Flu causes headaches

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The flu has stricken the nation, many people have been affected by this crippling illness.

According to myhighplains.com, 2,897 pneumonia & influenza deaths have been reported in Texas this 2017-18 flu season. Of those deaths, 105 were in the Texas Panhandle.

Yvonne Blackwell, a nurse at the VA hospital, has seen more than 300 people during this flu outbreak.

“Over half of those tested positive for flu, some type A, some type B and some both,” Blackwell said.
She said that handwashing is the best way to prevent the flu as well as cleaning and disinfecting frequently touched surfaces and objects.

“Get vaccinated. Every (VA) employee this year was required to get the flu vaccine or wear a mask while at work,” Blackwell said.

Staying home when sick helps keep the flu from spreading. Also, avoid close contact with those that are sick.

Blackwell warns to, “avoid touching eyes, nose, or mouth after touching something contaminated without hand washing first,”

Zeljka Ilicic, a freshman at FPC, has been sick with both flu type A and B this semester.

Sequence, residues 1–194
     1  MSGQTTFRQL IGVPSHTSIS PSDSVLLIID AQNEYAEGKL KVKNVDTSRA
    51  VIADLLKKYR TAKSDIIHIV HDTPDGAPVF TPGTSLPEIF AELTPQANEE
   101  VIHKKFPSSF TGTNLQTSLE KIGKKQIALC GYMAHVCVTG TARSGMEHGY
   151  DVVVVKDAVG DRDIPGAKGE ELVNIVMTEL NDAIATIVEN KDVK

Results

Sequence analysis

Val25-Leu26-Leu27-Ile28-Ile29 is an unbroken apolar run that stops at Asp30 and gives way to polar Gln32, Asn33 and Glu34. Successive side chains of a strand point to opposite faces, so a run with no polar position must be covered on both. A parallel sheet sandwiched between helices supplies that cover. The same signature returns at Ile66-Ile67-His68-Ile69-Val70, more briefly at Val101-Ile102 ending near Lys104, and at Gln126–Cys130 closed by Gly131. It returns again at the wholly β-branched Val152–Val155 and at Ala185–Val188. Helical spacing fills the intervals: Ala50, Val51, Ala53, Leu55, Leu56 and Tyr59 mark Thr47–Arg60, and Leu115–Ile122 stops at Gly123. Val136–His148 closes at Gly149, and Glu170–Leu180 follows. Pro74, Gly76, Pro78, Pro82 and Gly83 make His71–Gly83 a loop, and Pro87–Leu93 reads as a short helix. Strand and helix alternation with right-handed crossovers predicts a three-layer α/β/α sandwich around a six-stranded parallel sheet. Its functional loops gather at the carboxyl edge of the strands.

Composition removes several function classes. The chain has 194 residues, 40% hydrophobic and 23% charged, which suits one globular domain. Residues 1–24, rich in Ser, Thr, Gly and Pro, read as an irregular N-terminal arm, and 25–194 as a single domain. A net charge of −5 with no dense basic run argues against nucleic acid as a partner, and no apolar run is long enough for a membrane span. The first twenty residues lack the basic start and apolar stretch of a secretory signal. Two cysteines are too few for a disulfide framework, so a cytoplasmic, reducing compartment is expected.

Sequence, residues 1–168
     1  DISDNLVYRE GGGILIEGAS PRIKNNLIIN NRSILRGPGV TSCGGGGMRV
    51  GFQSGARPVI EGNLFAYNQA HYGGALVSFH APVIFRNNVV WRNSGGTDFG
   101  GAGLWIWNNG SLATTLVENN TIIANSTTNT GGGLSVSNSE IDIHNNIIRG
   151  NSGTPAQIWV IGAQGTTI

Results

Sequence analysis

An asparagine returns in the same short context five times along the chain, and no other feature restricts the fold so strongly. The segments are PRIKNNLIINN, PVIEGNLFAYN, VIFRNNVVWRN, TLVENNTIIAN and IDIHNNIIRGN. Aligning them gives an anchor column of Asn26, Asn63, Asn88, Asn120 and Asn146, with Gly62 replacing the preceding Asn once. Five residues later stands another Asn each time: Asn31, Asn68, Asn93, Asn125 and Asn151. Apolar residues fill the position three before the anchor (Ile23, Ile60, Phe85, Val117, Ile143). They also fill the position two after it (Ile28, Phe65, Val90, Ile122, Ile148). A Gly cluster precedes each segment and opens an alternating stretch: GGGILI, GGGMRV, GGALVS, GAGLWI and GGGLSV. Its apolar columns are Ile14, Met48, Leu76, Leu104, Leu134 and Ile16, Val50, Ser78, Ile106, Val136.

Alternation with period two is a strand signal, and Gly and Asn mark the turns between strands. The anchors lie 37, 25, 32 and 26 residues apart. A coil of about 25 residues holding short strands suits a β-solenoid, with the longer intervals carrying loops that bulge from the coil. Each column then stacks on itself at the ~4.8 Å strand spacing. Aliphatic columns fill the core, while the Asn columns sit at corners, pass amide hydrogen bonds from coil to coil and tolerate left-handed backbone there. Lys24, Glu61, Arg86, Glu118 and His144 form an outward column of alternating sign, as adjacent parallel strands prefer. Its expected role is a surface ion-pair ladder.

“What started out as a little cough, progressed to fever, nausea, and a deeper cough,” Ilicic said.

Ilicic battled this illness by taking Tamiflu along with plenty of fluids and rest.

“That is all you can do since the flu is viral, your body will just kick it out eventually,” Ilicic said.

If one has the flu, it is best treated with rest and plenty of fluids. Treat the symptoms with decongestant and cough medicine. Antiviral drugs decrease the severity and duration of flu symptoms, first dose should be taken within the first 48 hours of the initial symptoms. It is recommended to go to the hospital if one begins to have difficulty breathing, shortness of breath, chest pain, or severe abdominal pain.

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Flu causes headaches